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Smart homes are making lightning hits more expensive

Florida leads the nation for lightning -- again

Lightning (Pixlr)

JACKSONVILLE, Fla. – Florida has been on top of all other states for lightning strikes by density for the past five years.

According to Vaisala’s Global Lightning Dataset network, Florida had 244 total lightning events per square mile in 2019.

Storms typically develop over land on hot days as the sea breeze pushes inland, putting many homes at risk for lightning strikes.

Vaisala Measured lightning by density per km2 in 2019 normalizes lightning data across an equal measurement rather than simply comparing the total land mass of states, which vary greatly across the U.S. (Vaisala)

For the second consecutive year, the number of homeowners insurance lightning claims decreased in 2019.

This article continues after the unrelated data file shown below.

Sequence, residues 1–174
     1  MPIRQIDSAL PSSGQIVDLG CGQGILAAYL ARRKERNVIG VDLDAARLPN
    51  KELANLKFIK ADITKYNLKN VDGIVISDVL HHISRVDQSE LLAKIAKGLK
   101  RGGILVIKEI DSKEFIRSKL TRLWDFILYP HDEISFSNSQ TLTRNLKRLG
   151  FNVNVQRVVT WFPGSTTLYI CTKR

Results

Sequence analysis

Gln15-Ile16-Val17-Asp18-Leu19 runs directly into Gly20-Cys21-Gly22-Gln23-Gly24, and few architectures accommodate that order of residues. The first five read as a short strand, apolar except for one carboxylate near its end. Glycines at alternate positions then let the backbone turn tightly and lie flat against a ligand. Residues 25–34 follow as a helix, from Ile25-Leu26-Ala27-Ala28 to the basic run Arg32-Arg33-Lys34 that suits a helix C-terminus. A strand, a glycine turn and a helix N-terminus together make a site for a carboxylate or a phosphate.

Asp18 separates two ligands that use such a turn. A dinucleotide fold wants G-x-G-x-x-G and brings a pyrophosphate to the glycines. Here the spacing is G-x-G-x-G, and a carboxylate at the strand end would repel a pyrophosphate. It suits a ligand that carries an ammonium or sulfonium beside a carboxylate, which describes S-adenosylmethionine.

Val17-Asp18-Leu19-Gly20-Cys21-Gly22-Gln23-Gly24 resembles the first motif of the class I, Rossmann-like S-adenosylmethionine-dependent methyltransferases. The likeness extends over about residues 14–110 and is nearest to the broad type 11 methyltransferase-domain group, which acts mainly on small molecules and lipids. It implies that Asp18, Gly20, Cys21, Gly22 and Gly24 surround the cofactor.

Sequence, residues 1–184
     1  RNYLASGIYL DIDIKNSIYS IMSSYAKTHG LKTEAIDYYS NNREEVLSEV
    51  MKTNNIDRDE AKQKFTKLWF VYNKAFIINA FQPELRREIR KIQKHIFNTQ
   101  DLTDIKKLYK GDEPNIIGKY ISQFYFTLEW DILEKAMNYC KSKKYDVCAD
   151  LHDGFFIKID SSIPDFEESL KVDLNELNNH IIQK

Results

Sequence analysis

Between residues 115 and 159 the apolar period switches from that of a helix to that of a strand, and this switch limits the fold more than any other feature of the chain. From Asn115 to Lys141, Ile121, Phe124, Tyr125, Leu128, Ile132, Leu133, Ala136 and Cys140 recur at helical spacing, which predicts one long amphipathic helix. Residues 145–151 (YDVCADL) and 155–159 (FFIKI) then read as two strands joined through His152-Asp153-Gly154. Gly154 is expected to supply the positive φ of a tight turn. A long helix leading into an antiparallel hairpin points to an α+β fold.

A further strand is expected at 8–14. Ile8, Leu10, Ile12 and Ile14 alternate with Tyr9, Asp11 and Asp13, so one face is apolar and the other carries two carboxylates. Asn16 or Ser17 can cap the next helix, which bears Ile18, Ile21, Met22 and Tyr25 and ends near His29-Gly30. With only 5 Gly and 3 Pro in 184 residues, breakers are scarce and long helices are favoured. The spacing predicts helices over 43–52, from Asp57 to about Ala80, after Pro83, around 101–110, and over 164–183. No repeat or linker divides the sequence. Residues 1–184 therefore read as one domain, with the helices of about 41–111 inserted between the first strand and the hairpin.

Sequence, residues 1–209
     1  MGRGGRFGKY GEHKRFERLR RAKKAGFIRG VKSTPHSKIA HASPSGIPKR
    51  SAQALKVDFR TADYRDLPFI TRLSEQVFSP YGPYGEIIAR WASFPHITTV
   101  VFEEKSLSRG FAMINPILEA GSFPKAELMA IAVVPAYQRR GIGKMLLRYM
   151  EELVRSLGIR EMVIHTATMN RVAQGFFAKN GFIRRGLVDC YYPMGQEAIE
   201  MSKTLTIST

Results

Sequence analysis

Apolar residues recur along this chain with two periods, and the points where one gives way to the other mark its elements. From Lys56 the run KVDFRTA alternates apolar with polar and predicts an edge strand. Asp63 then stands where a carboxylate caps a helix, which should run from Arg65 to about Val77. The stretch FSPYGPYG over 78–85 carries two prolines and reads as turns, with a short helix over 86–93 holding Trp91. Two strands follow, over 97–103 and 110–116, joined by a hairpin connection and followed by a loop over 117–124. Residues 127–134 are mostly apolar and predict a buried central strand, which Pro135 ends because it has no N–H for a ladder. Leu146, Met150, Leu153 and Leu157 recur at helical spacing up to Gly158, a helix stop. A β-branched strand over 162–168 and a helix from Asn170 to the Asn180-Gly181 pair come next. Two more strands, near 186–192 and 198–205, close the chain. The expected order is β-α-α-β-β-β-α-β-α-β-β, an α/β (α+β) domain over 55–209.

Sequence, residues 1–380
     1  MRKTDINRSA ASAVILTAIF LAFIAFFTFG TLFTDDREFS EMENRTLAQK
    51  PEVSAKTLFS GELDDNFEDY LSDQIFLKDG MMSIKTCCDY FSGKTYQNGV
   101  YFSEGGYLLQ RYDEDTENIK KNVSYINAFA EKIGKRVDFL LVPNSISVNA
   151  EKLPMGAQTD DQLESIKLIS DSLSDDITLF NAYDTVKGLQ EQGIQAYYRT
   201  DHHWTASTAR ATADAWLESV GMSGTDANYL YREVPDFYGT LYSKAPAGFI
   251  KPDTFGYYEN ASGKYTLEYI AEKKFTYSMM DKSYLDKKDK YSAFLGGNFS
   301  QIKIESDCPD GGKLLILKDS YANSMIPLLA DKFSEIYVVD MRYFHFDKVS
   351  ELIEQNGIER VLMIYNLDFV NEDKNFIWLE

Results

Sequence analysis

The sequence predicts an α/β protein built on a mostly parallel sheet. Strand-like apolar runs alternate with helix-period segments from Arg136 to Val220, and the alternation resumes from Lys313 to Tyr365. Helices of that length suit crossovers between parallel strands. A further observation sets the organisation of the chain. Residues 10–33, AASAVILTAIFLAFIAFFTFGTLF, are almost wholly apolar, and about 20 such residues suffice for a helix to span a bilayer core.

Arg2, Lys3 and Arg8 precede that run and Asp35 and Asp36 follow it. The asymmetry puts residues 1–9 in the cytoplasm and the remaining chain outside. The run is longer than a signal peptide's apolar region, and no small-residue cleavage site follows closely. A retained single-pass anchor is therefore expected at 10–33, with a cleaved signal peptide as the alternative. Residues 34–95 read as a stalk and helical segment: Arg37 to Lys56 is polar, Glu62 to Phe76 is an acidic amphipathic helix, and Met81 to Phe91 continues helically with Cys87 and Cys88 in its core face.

Unfortunately, the average cost per claim has increased 11% between 2017 and 2019, according to the Insurance Information Institute (Triple-I).

Why is lightning costing more money?

According to James Lynch, chief actuary and senior vice president of Research and Education at the Triple-I: “Homes are more susceptible to lightning damage because electronic systems have become more interconnected – think Smart Homes – which have an easy gateway to much of a home’s electronic network, damaging scores of devices and appliances at once.”

Lynch added the average cost per claim rose 2.6% from 2018 to 2019.

“However, the average cost per claim between 2017 and 2019 increased 11%,” he said.

Lightning vs. insurance claims

Of the nearly 217 million lightning events detected in 2019 by Vasalia’s ground-based sensors, most were in the clouds. At least 13,049,687 were cloud-to-ground strokes, resulting in 6,821 lightning insurance claims in 2019.

Flashes over the ocean are larger, brighter and last longer than flashes over land, but they are less common compared to more frequent bolts over land.


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